Feature

Published on March 24th, 2017 | by Marcelo Torres

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Rate my teachers: Samo edition

Whether they are aware of it or not, every teacher has a reputation around campus. But their reputations as teachers are no longer being spread by word-of-mouth alone. The website “RateMyTeachers” allows people to anonymously rate and post comments about their teachers. Profiles of teachers across the nation—including Samo—are available for anyone to see, at the simple click of a button.

While some teachers find it to be a useful tool for evaluation, others find the ratings on the site to portray teachers’ skills inaccurately or unfairly.

English teacher Maria Stevens thinks that it may not be necessary at the high school level, but that it can be beneficial for students to share their experiences with their teachers to others.

“It’s a place where kids express their feelings about the class,” Stevens said. “It’s a valuable way to review your teacher’s performance.”

“RateMyTeachers,” because of its anonymity, allows kids to to be as truthful as they want without any repercussions and can also allow the spread of falsehoods about teachers.

Some teachers at Samo do not appreciate being rated on the internet off of a five star scale. History teacher Amy Bisson feels the site deeply misrepresents teachers.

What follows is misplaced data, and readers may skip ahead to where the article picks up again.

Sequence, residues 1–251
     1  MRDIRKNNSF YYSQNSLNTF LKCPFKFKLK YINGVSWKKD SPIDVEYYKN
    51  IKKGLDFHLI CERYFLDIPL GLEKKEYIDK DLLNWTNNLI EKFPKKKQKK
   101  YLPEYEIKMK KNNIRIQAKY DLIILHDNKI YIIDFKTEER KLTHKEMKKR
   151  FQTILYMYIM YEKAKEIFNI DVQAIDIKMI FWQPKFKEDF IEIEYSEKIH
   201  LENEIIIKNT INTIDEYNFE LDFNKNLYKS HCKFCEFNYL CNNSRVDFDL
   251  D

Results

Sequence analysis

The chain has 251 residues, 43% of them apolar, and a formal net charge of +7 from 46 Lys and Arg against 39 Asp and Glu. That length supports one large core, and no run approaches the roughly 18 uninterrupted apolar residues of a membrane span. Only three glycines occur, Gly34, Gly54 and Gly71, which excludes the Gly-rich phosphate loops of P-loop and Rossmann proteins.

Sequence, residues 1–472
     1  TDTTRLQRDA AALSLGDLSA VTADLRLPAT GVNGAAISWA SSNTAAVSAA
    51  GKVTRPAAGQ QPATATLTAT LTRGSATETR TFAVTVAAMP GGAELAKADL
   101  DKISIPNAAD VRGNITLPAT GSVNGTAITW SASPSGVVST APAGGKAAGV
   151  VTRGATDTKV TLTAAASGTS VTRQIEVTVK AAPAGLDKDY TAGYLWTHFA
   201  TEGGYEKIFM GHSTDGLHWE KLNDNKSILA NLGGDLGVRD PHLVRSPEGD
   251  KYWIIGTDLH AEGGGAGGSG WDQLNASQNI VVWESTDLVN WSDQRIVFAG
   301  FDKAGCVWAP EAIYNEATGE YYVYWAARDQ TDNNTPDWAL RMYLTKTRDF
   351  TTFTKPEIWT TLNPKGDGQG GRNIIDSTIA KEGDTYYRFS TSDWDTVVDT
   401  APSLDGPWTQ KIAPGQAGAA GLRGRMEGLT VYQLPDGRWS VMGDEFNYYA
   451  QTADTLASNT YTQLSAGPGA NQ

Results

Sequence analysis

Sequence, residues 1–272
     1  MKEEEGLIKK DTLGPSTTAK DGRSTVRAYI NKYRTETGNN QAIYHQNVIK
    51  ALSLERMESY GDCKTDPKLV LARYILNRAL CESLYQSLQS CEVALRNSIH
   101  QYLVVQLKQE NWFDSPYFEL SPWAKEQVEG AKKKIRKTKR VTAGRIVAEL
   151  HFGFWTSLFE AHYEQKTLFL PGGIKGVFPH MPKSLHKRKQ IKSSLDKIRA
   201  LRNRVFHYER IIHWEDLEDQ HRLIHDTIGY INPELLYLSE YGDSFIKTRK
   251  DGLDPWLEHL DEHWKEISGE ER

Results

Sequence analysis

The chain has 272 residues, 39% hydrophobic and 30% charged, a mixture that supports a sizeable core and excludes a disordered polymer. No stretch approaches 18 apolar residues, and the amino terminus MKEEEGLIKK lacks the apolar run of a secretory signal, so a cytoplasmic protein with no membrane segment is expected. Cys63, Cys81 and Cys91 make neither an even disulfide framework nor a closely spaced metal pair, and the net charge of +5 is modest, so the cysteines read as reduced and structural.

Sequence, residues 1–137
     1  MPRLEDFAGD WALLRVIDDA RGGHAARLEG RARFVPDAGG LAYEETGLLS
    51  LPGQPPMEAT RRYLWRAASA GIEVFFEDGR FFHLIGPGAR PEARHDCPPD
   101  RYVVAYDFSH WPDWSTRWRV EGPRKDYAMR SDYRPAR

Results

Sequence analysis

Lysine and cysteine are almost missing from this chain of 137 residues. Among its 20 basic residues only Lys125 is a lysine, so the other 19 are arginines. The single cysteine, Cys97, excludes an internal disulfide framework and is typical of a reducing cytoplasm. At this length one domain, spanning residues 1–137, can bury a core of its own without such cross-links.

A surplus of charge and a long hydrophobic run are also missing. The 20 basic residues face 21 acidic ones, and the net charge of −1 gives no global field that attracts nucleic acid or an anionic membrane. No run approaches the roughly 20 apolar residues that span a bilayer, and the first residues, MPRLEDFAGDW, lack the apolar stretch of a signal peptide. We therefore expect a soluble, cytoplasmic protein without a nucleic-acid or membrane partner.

“It’s a really horrible website,” Bisson said. “It’s an unfair representation of teachers.”

She noted that the rants on the website are usually fueled by anger and hate. For example, a student who is unhappy with the grade they received for a certain class might leave a load of negative comments about the teacher on the site.

French teacher Raja Harding’s view on the matter is somewhat similar to Bisson’s.

“If a student really likes a teacher just because they gave them As, then they go put something nice,” Harding said. “And if it’s the other way around they do the same thing. They are free to say what they want to say but if they have something to say about someone they should have the courtesy to introduce themselves.”

There are other alternatives for researching a teacher, such as going on the school’s website and visiting the teacher’s web page. Scheduling a time to meet with the teacher is also something a lot of teachers are open to.

“I don’t think it’s a very effective way to find whether it’s a good teacher or bad teacher,” Harding said. “I think it’s talking to the teacher himself or herself to give you an idea.”

Math teacher Alicia Gonzalez also noted how such websites are not completely statistically accurate.

“Review sites such as ‘RateMyTeachers’ or Yelp are not necessarily representative of the whole population of reviewers or students, so anyone who is unaware of the site or unwilling to share their opinion is left out of the measurement,” Gonzalez said.

Since only people who really like or really dislike the teacher are inclined to write a review on them, these websites tend to be prone to voluntary bias. So even though the opinions may still be valid, it can still skew the data as a whole.
Even though the website is used to give incoming students a sense of what the teacher is like, the motives behind what the student posts are unknown, therefore making the account of the teacher biased. “RateMyTeachers” can be a helpful website as long as students use it for the purposes of educating others on the grading scale and giving tips about the class, not to praise or destroy a teacher’s reputation.

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